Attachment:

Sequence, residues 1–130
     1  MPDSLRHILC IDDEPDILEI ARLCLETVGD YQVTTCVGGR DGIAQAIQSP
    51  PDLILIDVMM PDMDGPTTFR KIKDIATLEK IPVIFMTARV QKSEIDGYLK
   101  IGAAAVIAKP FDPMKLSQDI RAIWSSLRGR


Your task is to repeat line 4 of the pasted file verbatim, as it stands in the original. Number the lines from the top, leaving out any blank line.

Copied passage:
   101  IGAAAVIAKP FDPMKLSQDI RAIWSSLRGR